A total of 419 teachers out of 698 teachers (response rate = 60%) completed surveys. Of those who responded, 86.9% were female and 13.1% were male. Regarding grade level taught, 11.7% of participants taught 1st grade, 9.5% taught 2nd grade, 11.1% taught 3rd grade, 13.1% taught 4th grade, 11.7% taught 5th grade, 12.0% taught 6th grade, 11.1% taught 7th grade, and 19.8% taught 8th grade. The majority (59.7%) taught at a rural school, while 24.3% taught at an urban school and 16.1% taught at a suburban school. Two-thirds (67.2%) held a Masters Degree whereas one-fourth (23.8%) held a Bachelors Degree as their highest level of education. On average, participants reported teaching for 15.84 years (SD = 10.916) and teaching at their current school for 9.57 years (SD = 7.997).
TEACHER AND SCHOOL FACTORS IN POSITIVELY CONNECTING STUDENTS TO SCHOOL
Results indicated that virtually all teachers felt that they could make a positive difference in the lives of their students (99.2%), that they were enthusiastic when they taught (98.9%) and that they were positively connected to their students (97.0%). The overwhelming majority of teachers also felt that school climate and academic achievement were positively related (95.9%). Nine in ten (90.0%) teachers reported attending after-school activities for their students. Regarding training on school connectedness, half (50.0%) reported that they had received training outside of college on how to positively connect with students whereas one-third (36.0%) reported that they had received training on building positive connections during college. Two-thirds (65.4%) stated that they would like to learn more about how to develop positive connections with their students.
Concerning school-based factors, less than half (46.5%) reported that their school placed getting students positively connected as a leading school priority whereas one-third (35.4%) reported that their school had a school committee that dealt with getting students positively connected to school. Approximately one in four (28.6%) felt their school placed getting students connected with the community as a leading school priority. Nine in ten teachers (89.9%) felt that the emotional climate of their school as warm and positive or extremely warm and positive. One in ten (10.1%) reported the emotional climate of their school as cold and negative or extremely cold and negative.
BENEFITS OF POSITIVELY CONNECTING STUDENTS TO SCHOOL
The majority (87.6%) reported "creating a more positive school climate" as a benefit of connecting students to school (Table 1). Teachers also reported "increasing student self-esteem" (86.9%) and "increasing student involvement in positive behaviors" (86.6%) as benefits of positively connecting students to school. Less than half reported "decreasing student alcohol and other drug use" (42.5%) and "decreasing student suicide" (45.6%) as benefits of positively connecting students to school.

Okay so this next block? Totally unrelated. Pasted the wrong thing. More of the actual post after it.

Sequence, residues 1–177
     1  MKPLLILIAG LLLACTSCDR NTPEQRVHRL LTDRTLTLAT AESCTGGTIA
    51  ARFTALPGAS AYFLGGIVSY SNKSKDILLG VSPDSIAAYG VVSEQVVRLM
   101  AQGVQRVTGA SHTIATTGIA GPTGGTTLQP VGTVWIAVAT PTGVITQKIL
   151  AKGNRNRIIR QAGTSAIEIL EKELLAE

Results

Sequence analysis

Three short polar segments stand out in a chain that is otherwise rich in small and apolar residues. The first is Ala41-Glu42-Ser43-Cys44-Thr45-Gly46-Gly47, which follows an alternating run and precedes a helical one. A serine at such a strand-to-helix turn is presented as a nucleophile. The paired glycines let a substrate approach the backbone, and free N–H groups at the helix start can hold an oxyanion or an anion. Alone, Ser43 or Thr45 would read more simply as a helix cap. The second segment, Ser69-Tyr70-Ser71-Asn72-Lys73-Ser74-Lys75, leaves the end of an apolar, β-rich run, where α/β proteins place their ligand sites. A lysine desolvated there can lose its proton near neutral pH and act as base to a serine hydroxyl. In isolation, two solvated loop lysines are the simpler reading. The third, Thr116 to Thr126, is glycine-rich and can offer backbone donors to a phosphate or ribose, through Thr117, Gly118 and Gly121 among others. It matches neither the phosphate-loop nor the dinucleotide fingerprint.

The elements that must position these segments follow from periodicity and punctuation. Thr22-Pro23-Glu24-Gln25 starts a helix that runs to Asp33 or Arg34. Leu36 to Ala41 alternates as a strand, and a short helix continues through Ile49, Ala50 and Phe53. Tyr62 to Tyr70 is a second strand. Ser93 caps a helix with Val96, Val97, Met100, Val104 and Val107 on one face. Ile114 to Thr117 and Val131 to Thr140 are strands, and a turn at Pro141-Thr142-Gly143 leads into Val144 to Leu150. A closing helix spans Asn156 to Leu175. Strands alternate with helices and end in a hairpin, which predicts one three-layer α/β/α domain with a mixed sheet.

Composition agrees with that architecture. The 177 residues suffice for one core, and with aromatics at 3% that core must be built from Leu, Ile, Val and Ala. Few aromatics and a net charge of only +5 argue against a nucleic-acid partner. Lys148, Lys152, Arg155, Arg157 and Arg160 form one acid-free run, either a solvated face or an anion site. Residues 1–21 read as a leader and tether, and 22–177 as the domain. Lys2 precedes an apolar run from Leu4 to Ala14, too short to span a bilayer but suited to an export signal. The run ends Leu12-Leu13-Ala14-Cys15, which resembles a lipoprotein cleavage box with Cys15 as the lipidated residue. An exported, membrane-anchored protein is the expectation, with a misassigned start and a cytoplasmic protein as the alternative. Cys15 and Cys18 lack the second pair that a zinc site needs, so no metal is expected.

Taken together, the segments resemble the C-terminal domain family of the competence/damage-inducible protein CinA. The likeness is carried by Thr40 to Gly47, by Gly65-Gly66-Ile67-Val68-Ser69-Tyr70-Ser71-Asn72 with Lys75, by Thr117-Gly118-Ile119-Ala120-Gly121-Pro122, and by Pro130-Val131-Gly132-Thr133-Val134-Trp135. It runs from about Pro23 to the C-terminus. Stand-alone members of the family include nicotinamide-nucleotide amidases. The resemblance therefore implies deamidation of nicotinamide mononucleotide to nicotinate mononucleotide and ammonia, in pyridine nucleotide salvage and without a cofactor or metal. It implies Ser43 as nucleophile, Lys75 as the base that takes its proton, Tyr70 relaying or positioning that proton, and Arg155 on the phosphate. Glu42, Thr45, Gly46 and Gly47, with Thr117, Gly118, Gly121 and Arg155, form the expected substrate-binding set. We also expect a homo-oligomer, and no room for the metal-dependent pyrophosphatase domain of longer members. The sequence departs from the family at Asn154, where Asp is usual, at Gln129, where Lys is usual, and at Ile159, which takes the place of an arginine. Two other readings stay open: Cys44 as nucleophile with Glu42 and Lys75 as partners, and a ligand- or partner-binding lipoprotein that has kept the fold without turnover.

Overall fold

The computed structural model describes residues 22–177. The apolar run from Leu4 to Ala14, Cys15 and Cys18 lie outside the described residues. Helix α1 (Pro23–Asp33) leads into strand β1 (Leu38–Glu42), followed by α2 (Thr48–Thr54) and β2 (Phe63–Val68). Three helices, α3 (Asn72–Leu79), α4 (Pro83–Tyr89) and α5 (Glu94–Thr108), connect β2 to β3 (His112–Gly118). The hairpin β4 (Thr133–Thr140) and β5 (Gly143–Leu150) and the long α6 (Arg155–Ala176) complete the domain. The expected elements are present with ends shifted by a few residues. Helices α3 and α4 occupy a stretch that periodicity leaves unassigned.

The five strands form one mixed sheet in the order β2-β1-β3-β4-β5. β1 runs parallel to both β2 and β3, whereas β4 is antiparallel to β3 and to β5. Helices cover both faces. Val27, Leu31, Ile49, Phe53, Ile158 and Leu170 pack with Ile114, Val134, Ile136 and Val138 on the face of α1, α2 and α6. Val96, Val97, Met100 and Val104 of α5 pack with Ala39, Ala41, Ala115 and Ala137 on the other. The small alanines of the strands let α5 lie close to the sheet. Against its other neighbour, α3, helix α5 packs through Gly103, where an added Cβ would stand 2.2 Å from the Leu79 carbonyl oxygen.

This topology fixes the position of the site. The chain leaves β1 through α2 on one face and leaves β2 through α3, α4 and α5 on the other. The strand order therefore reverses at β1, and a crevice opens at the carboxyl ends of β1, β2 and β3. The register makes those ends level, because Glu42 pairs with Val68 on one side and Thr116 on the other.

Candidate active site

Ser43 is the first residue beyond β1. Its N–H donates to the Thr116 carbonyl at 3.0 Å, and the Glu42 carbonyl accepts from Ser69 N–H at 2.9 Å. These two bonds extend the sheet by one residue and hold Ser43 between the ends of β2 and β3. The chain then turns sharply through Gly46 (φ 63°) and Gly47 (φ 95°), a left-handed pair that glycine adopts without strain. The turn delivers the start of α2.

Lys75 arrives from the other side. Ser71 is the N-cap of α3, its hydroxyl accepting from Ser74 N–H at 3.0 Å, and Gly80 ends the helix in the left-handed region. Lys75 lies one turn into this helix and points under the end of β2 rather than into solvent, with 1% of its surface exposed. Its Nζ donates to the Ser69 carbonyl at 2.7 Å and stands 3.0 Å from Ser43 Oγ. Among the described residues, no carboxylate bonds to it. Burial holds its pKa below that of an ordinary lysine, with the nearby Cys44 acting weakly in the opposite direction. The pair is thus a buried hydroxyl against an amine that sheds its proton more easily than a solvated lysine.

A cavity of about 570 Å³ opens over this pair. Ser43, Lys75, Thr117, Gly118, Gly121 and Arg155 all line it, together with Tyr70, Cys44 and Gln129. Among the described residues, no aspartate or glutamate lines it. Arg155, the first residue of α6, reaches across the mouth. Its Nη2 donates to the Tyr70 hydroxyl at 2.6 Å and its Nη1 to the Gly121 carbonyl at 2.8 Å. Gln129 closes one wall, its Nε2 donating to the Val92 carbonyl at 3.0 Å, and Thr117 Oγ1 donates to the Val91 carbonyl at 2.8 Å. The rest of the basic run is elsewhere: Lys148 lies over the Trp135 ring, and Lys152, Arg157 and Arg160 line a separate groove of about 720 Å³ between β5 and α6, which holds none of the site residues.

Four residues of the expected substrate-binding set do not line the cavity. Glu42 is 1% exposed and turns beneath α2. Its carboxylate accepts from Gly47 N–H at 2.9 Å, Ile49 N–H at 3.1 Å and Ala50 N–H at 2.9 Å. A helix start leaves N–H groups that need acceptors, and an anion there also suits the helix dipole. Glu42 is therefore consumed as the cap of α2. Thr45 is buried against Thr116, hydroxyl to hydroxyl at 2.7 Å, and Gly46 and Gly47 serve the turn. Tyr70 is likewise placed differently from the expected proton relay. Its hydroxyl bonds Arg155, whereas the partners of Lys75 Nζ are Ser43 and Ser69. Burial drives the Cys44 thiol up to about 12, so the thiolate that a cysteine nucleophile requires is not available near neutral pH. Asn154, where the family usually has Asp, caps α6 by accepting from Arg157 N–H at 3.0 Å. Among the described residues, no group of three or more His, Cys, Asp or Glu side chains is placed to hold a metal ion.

PERCEIVED BENEFITS BASED ON TEACHER AND SCHOOL FACTORS
ANOVAs revealed no difference in perceived benefits to positively connecting students to school based on sex and grade level taught (Table 1). Regarding additional teacher factors, results indicated that teachers with any previous training on school connectedness (M = 10.10, SD = 1.971) reported a significantly greater number of benefits to positively connecting students to school than did teachers with no previous training (M = 9.44, SD = 2.48), F(1, 367) = 7.975, p = .005. Teachers with low confidence in their use of strategies to connect students to school (M = 9.81, SD = 2.21) perceived significantly greater benefits than teachers with high confidence in their use of school connectedness strategies (M = 10.58, SD = 1.853), F(1, 365) = 9.326, p = .002. ANOVA results revealed no significant differences in number of benefits to positively connecting students among teachers at urban, suburban, and rural schools.
Results indicated that that teachers who strongly disagreed/disagreed that it was important to connect students to school (M = 10.69, SD = 1.802) perceived there to be significantly greater benefits to connecting students to school than did teachers who strongly agreed/agreed that it was important to connect students to school (M = 9.79, SD = 2.212), F(2, 369) = 5.562, p = .019 (Table 2). Teachers who strongly disagreed/disagreed that it was the role of the teacher to connect students to school (M = 10.58, SD = 1.853) perceived there to be a significantly greater number of benefits than teachers who strongly agreed/agreed that it was the role of the teacher to connect students to school, (M = 9.81, SD = 2.212), F(1, 365) = 4.278, p = .039.
BARRIERS TO POSITIVELY CONNECTING STUDENTS TO SCHOOL
The leading barriers to connecting students to school were "lack of time" "emphasis on increasing scores on the state proficiency test" (51.6%), "emphasis on academic achievement" (40.1%), "lack of parental involvement and support" (39.9%), and "lack of student interest" (21.0%) (Table 3). Teachers were least likely to report "lack of administrative support" (12.2%), "lack of knowledge on how to positively connect with students" (4.1%), "lack of confidence in my ability to connect with students" (1.4%), and "I believe it is not my role to positively connect with students" (0.5%) as barriers to positively connecting students to school.
PERCEIVED BARRIERS BASED ON TEACHER AND SCHOOL FACTORS